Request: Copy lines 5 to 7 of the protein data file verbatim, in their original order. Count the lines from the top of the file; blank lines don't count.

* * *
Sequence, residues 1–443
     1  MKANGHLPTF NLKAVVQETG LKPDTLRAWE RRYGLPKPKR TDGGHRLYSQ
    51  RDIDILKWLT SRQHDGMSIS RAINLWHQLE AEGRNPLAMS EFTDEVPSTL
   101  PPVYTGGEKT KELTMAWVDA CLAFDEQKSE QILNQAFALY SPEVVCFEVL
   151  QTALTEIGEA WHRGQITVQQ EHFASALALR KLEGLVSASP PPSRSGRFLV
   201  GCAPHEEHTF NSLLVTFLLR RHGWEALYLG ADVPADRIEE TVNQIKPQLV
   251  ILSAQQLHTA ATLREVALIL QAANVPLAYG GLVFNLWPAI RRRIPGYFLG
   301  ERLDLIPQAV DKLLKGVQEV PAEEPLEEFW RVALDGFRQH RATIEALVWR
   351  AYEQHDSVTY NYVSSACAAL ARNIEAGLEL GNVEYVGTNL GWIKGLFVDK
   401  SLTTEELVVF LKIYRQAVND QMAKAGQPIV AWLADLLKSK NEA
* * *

   151  QTALTEIGEA WHRGQITVQQ EHFASALALR KLEGLVSASP PPSRSGRFLV
   201  GCAPHEEHTF NSLLVTFLLR RHGWEALYLG ADVPADRIEE TVNQIKPQLV
   251  ILSAQQLHTA ATLREVALIL QAANVPLAYG GLVFNLWPAI RRRIPGYFLG